This is the simplest component of mix automation, but its a very powerful tool. There are a number of mixing consoles available which provide mute automation but not automation of fader levels. Mute automation is also sometimes available as an add-on box which can be fitted to any console. Its a while since I last saw units of this type advertised, but they are potentially so useful Im sure they will make a comeback. Mute automation is simply a way of turning channels on and off during the mix. You will use this to clean up the individual tracks so that each track is only unmuted when it has something useful to contribute to the mix. When the track contains nothing of any musical value then it only contains noise, and even if that is only the quiet hiss of noise-reduced analogue tape, then when a number of tracks are mixed together the noise produced will indeed be noticeable. With mute automation it is possible to conceal noise very effectively, and also get rid of any unwanted noises that found their way onto the tape during the recording process. For example, it is common to have a singer who breaths too loudly, and the sound of the breaths comes too close to the actual singing to erase them from the multitrack. Mute automation can deal with such breaths easily, although dont be too enthusiastic or it will sound that your singer performed the whole song without breathing at all! You may say that you can achieve the same thing with noise gates, and cut out unwanted noise this way. You can, and with the added advantage that you can tailor the attack and decay to the signal you are processing. But you will find that a channel of muting is much cheaper than a channel of gating, and also since you will instruct the system yourself when to mute and unmute, you will never get any false triggering, which is the scourge of good gating.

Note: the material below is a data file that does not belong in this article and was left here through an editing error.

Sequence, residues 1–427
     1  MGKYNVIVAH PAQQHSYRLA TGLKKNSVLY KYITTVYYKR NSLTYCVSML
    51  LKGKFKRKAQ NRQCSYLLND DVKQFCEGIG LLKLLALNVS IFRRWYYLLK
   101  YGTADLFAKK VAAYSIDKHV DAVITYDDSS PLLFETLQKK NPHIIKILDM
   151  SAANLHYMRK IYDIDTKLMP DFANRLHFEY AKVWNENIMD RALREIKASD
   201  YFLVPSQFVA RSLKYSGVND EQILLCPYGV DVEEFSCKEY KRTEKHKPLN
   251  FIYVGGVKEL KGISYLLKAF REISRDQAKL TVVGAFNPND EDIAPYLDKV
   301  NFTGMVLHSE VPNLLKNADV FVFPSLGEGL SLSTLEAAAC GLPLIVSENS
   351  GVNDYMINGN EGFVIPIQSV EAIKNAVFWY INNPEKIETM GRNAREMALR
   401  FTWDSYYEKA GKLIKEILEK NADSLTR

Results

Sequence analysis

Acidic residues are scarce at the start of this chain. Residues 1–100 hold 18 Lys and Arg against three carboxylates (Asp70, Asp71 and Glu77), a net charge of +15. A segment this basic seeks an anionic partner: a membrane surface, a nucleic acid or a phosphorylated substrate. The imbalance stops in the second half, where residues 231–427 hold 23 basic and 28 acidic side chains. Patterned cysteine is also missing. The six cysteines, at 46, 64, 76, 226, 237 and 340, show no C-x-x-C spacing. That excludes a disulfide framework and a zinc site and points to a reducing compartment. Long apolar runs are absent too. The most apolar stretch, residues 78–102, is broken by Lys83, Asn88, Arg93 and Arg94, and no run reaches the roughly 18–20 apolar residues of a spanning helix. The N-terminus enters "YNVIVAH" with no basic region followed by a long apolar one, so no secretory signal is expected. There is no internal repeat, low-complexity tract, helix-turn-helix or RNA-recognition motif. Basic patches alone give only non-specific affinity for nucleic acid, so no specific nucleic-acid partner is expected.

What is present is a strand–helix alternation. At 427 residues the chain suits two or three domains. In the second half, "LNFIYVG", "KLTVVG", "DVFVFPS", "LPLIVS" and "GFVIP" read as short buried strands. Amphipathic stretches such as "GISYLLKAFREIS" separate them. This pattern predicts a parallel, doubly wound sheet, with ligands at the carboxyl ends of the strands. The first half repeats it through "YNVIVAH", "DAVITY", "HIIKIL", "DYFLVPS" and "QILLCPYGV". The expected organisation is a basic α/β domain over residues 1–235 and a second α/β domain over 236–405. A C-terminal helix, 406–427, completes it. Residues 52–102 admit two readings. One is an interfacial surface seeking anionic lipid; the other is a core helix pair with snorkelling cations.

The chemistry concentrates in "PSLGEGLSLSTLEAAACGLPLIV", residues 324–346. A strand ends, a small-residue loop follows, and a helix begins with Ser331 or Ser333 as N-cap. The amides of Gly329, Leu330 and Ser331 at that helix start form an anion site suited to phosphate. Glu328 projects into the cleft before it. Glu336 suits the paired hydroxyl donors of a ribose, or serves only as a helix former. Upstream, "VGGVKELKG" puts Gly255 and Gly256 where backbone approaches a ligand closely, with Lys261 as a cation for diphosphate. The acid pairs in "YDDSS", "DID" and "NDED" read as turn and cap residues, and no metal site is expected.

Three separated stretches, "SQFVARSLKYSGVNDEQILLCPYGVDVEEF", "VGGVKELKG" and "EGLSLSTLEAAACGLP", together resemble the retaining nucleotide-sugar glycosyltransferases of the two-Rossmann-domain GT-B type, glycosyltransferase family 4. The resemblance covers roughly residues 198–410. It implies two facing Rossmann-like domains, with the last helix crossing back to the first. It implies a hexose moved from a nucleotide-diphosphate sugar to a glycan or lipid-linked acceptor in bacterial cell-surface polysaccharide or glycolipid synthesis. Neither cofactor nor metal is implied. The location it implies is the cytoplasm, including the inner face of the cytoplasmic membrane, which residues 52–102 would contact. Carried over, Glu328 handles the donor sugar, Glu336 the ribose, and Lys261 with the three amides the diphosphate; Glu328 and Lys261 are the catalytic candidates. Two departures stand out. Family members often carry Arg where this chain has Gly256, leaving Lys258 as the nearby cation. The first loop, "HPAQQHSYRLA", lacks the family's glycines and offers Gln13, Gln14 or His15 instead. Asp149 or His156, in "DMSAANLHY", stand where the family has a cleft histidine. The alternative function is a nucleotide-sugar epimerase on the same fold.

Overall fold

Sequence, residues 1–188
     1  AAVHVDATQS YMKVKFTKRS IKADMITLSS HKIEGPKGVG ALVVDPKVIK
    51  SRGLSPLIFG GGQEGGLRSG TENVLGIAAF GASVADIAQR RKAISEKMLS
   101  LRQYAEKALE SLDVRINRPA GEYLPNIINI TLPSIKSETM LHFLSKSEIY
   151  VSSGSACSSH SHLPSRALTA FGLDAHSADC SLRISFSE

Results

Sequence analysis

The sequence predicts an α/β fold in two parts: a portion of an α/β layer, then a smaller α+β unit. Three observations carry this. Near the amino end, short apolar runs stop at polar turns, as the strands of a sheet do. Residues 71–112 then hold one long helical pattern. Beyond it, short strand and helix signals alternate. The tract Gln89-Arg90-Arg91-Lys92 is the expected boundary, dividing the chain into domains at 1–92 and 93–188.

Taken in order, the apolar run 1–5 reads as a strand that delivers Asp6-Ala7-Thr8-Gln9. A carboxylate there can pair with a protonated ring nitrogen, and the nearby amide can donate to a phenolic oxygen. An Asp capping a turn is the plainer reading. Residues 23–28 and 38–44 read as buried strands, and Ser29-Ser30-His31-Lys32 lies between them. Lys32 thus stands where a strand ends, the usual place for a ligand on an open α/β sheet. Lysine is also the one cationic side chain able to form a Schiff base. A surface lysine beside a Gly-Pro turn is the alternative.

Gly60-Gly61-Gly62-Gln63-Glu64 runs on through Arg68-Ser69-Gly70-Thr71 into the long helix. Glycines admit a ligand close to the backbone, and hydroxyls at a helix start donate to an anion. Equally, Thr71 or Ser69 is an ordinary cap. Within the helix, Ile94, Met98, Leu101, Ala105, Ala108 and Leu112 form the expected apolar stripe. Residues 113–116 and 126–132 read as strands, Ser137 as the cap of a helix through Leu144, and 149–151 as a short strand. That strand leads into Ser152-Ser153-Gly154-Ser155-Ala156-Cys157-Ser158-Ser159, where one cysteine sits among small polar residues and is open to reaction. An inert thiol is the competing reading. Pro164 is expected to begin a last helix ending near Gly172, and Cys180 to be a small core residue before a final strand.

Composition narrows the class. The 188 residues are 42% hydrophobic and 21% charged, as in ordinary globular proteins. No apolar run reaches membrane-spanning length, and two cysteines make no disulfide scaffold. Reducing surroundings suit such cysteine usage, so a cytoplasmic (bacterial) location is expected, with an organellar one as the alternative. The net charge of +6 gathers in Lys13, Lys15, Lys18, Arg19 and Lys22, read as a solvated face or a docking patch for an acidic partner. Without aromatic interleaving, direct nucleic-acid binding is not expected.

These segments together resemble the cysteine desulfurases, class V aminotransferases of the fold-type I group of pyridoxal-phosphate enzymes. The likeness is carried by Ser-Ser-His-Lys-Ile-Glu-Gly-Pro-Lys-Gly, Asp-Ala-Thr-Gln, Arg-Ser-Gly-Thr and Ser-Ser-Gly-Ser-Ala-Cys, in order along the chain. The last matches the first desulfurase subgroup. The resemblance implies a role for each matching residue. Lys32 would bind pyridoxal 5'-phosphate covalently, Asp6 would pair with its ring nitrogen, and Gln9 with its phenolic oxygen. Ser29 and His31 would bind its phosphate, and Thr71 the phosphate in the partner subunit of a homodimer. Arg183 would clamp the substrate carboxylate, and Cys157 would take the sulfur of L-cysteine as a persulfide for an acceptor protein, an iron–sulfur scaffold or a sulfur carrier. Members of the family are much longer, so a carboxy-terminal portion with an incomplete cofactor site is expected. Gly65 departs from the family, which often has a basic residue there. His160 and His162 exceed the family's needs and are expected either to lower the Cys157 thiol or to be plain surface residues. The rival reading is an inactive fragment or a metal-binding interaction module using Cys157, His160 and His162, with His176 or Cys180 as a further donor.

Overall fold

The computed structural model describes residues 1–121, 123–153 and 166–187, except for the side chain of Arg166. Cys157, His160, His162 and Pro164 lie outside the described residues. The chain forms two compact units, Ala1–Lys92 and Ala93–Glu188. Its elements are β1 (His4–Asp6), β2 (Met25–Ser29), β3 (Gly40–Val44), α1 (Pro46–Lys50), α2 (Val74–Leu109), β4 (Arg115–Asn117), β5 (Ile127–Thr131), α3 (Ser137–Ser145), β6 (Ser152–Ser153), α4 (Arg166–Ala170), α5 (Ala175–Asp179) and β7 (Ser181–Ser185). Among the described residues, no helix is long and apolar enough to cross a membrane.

The next question is, how does the system know when to mute and unmute? The answer is that it will synchronise with timecode. If the console has its own internal muting system, then it is the console that must synchronise. Or in some cases the muting will be controlled by a conventional MIDI sequencer via note on and off messages, so it is the sequencer that must synchronise to the tape. The standard method of synchronisation these days is to stripe the tape with SMPTE/EBU timecode, and convert that on playback into MIDI timecode (MTC). All your mutes and unmutes will be logged against MTC and play back at exactly the right times. There are two ways of entering mute data. One is on a channel by channel basis, probably using MIDI note on and off messages. The other is via scenes or snapshots, probably activated by MIDI program changes. You will develop your own favourite way of working, but there is probably more flexibility in the channel by channel approach. Something you will come across very quickly in your automated muting career is the need to extend or shorten mutes. Suppose you have programmed the system to unmute the vocal channel for a particular line of the song, just before the first note starts. Then the producer asks you to release the mute a second earlier to capture the singers intake of breath. This is just one case of extending a mute, and here the unmute time must be made a little earlier. The full set of possibilities are these:
I dont think Ive missed anything out. The way the automation system handles mutes for you may make life easier for you, or more difficult. If you only have one mute button per channel it will toggle the mute on and off, and you will probably be in a permanent state of confusion since when you are trying to adjust a mute both you and the computer will be pushing the button! Check this point out when you look at an automation system. Ive just been looking at the Uptown Automation system, which I have to say is not the cheapest around, and I loved the provision of separate mute on and mute off buttons. It made shortening or extending mutes a doddle.Come on the FREE COURSE TOUR